Key components of inflation include labor, energy and housing costs. Wage growth and housing costs are rising at about 3.0 to 3.5 percent, on an annual basis, while energy prices have fallen significantly over the past several months. Look for the decline in energy prices to partially offset rising labor and housing costs, which likely translates into a consumer price rate for inflation of 2.25 to 2.50 percent for 2019. The core rate of inflation, which excludes food and energy prices, is expected to show similar readings. Core personal consumption expenditures, the Fed’s preferred inflation metric, is projected to be around 2.0 percent for 2019.
The fundamentals of the economy are signaling a pullback in activity with storm clouds on the horizon. GDP, the jobless rate and consumer inflation are lagging indicators. Leading indicators include the Federal Reserve manufacturing and business surveys, consumer confidence readings, retail sales reports, weekly jobless claims updates and housing data. The car sales report and corporate earnings reports also provide indicators of market sentiment. Except for weekly jobless claims, most of the leading indicators have started to struggle over the past few months.
On the geopolitical front, the eurozone has plenty to deal with, including issues related to Brexit, Italian deficit spending levels that exceed European Union limits, excessive debt levels in its banking system, European Parliament elections and slower growth projections. Despite the economic weakness, the European Central Bank has ended its quantitative-easing debt purchases program. There is the potential for civil unrest related to fiscal and tax policy and a general sentiment of fragmentation among member countries. European Parliament elections will be held in May, which could change the political landscape.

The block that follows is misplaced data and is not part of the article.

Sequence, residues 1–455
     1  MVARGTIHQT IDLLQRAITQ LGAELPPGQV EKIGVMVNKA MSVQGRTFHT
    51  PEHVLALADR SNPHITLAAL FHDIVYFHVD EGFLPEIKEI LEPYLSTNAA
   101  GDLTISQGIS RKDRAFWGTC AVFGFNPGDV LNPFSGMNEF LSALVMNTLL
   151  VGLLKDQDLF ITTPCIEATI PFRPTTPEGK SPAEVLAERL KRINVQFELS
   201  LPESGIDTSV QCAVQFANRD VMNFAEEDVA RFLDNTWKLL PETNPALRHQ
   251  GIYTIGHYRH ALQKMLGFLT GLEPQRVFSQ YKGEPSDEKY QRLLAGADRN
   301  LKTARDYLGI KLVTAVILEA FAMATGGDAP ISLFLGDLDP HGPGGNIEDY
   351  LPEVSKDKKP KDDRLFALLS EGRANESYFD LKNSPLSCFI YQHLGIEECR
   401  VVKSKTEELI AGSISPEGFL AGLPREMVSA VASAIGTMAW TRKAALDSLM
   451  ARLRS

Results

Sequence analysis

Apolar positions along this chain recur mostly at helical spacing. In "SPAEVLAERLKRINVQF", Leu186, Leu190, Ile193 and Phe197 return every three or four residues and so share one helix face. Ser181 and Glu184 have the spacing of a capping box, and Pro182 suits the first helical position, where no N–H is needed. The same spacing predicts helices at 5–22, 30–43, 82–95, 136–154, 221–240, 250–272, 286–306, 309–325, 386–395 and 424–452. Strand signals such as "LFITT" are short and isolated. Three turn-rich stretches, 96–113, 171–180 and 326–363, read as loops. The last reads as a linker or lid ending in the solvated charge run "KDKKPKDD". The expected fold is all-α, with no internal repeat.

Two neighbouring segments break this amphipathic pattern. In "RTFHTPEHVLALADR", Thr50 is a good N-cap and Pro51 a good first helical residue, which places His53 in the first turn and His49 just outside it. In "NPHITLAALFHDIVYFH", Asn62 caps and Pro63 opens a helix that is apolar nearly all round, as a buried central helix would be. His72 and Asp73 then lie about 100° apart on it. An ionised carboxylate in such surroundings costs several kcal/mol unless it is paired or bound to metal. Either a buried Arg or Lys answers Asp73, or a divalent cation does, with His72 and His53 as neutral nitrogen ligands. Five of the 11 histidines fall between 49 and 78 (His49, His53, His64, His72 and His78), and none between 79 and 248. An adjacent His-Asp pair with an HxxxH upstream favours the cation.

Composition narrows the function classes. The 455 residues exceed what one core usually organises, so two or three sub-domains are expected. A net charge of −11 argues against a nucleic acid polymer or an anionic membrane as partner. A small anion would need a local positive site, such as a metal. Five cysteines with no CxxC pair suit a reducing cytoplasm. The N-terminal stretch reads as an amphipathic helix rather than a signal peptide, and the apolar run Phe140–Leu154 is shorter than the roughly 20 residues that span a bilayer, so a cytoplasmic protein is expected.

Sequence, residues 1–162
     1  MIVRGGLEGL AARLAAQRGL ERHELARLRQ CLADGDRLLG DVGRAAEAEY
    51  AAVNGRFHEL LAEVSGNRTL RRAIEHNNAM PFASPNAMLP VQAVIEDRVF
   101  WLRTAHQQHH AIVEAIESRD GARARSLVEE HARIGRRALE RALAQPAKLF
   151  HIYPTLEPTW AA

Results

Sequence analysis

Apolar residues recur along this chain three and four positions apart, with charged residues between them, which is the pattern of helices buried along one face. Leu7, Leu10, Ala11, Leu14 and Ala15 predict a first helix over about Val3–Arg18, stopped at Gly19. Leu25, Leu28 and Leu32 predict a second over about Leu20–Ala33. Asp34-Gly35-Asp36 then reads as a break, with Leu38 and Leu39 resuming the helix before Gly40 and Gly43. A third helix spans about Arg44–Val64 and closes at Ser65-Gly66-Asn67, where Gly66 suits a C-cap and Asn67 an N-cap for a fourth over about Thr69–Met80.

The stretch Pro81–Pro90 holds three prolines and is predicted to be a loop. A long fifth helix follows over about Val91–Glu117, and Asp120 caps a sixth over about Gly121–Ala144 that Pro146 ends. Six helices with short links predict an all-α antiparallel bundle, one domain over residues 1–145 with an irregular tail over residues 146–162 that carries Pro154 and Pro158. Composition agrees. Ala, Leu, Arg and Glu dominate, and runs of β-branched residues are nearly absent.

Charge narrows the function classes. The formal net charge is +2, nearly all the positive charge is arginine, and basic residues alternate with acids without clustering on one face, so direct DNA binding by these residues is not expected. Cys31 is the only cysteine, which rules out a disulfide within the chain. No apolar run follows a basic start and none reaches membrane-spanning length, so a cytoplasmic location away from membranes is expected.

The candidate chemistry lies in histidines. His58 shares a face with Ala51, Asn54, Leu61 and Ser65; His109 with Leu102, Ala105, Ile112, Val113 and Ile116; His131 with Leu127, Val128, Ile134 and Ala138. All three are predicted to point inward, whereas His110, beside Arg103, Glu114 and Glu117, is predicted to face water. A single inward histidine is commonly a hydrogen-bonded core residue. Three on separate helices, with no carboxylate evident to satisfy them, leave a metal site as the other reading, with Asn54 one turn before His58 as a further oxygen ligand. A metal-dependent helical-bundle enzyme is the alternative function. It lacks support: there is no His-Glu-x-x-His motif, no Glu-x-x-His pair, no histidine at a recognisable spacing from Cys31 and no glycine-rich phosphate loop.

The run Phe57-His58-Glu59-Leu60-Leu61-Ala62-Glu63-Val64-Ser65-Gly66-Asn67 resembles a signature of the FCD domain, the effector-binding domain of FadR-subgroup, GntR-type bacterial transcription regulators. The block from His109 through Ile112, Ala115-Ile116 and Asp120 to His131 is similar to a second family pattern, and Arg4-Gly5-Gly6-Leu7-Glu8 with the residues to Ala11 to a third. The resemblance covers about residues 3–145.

While North Korea and its nuclear weapon capabilities have slipped to the back burner, recent comments by its leaders indicate this issue could get more attention in 2019. Asia’s economic situation is impacted a great deal by the performance of China’s economy. Recently, there have been signs that China’s economy is losing momentum, which does not bode well for the region.
View on Interest Rates
The Federal Reserve has indicated its intention to be cognizant of the impact of monetary policy on the economy and to adjust as they deem necessary. Nevertheless, the Federal Open Market Committee indicated in December plans to hike interest rates in 2019 and possibly in 2020. The Federal funds futures are currently indicating a less than 5 percent chance the Fed will increase rates in 2019. In fact, there is a 25 percent probability of a rate cut at the Dec. 11, 2019 meeting. These probabilities move on a daily basis and you can get a feel for what the market is thinking at the CME FedWatch Tool website: https://www.cmegroup.com/trading/interest-rates/countdown-to-fomc.html/.
Until the two opposing views on the outlook for the economy by the Fed and the market consolidate, look for Treasury yields to remain near current levels with periods of elevated volatility. Other factors to consider include what impact a resolution to the government shutdown impasse will have on the economy and what circumstances will be needed for the equity markets to stabilize and brighten the economic outlook.
The above commentary is a summary of select economic conditions prepared for Northwest FCS management. It is being shared as a courtesy. As with any economic analysis, it is based upon assumptions, personal views and experiences of those who provided the source material as well as those who prepared this summary. These assumptions, conclusions and opinions may prove to be incomplete or incorrect. Economic conditions may also change at any time based on unforeseeable events. Northwest FCS assumes no liability for the accuracy or completeness of the summary or of any of the source material upon which it is based. Northwest FCS does not undertake any obligation to update or correct any statement it makes in the above summary. Any person reading this summary is responsible to do appropriate due diligence without reliance on Northwest FCS. No commitment to lend or provide any financial service, express or implied, is made by posting this information.